However, says Beard, “it’s also about a philosophy. There’s something poetic about art forms that started off as closed entertainments for enlightened courts, which over hundreds of years have opened up through opera houses, and since the 1920s through broadcasts and now into cinemas. We’re taking that to the next level.”
According to Beard, the opera house wants to be open not just to audiences, but for members of the public to come in and get a taste of opera and ballet to further their interest. “The great thing about buildings when the hoardings are up is that it’s a catalyst for change,” Beard says. “So I hope that label goes much more deeply. Architectural symbols are hugely important.” So the Linbury is not merely a new theatre, “it’s also important for its visibility to be expressed in the architecture, with the window on Bow Street visible from the street”.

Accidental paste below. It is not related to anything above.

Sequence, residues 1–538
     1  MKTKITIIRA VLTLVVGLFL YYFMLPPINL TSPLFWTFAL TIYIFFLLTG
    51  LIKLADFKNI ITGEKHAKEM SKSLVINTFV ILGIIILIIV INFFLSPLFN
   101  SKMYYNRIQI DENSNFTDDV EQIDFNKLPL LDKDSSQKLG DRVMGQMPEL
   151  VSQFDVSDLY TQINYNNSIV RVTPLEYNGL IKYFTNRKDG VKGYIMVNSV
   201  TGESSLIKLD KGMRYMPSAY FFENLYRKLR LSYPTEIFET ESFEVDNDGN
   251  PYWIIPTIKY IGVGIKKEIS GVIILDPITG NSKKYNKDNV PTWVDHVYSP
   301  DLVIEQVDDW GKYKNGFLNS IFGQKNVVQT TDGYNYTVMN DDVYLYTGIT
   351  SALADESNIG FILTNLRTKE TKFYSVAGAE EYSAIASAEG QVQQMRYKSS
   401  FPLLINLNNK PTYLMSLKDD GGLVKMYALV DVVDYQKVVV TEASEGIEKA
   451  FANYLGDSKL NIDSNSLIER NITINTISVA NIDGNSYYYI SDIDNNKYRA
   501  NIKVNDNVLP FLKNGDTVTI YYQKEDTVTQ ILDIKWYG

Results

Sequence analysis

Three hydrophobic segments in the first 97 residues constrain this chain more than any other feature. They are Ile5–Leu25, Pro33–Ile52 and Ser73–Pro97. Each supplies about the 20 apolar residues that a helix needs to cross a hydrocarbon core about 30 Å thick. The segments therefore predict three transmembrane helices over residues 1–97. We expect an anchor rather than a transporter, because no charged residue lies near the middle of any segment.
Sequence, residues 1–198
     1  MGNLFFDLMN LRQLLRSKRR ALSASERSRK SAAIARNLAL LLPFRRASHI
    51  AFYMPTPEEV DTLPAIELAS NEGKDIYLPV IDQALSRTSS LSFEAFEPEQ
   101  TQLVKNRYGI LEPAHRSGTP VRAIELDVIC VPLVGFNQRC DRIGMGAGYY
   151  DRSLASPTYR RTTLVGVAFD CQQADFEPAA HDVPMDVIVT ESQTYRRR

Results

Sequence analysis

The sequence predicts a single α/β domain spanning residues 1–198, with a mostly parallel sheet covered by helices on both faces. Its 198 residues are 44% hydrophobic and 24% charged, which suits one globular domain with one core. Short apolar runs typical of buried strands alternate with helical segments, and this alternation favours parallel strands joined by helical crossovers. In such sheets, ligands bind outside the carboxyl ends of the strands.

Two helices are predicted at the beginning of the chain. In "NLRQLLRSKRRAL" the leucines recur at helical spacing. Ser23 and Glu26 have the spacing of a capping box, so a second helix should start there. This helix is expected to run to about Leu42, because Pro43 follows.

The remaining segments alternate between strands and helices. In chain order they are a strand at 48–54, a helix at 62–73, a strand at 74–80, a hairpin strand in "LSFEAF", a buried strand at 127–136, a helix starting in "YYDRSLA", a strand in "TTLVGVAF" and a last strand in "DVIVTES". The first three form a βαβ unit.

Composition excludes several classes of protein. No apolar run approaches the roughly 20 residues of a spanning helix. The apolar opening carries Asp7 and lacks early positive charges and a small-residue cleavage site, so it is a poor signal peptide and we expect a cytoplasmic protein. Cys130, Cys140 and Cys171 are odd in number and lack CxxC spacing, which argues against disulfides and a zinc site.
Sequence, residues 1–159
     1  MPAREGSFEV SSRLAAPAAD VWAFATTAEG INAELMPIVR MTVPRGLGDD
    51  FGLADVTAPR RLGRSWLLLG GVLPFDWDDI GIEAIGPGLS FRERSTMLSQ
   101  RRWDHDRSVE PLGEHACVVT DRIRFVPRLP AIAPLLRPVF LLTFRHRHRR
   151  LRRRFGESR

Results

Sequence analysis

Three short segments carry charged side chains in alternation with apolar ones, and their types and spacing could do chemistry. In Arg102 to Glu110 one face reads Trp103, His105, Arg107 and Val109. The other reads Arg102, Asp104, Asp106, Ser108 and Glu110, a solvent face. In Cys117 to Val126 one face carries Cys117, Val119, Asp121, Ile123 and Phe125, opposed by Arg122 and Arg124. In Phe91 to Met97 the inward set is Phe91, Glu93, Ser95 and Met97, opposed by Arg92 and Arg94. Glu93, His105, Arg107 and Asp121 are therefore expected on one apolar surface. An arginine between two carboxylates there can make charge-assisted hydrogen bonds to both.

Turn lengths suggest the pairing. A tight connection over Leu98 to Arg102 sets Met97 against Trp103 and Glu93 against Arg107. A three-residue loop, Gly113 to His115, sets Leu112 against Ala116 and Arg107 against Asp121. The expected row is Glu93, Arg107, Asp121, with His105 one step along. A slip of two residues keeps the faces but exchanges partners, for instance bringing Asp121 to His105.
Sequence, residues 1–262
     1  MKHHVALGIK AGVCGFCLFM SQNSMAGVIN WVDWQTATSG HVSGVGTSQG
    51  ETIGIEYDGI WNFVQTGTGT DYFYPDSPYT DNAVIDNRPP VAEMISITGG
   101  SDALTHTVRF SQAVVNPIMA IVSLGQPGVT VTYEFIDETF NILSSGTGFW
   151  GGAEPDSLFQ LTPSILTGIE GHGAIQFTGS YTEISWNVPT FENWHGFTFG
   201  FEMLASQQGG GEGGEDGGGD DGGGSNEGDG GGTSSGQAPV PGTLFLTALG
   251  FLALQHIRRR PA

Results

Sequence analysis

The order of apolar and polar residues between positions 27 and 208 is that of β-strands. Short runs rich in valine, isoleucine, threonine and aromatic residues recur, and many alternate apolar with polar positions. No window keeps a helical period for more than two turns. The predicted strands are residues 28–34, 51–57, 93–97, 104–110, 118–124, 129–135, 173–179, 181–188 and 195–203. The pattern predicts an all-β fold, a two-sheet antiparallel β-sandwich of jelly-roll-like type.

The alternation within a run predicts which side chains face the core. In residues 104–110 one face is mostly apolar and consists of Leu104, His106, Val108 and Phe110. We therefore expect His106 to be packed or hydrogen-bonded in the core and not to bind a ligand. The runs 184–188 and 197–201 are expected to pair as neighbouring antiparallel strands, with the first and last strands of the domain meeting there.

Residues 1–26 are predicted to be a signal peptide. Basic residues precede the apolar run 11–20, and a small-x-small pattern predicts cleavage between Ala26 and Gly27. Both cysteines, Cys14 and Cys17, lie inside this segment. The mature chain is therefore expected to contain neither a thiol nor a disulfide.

There’s a perception that we’re a closed world. But the window on to the street says ‘Come in, you’re welcome’
He continues: “Sometimes there’s a perception – mostly held by people who haven’t had the opportunity to engage with us – that we’re a closed world. That window on to the street says: ‘You’re welcome, come in, it’s part of your cultural fabric.’ ”
At the other end of the spectrum, Beard stresses the importance of having a dedicated cloakroom for the amphitheatre, “so that at the end of a performance, you’re not at the back end of the queue downstairs”.
While he’s happy to pick out highlights, “the whole is what is important – it’s a transformation of the experience of coming to the opera house and its relationship with the city”.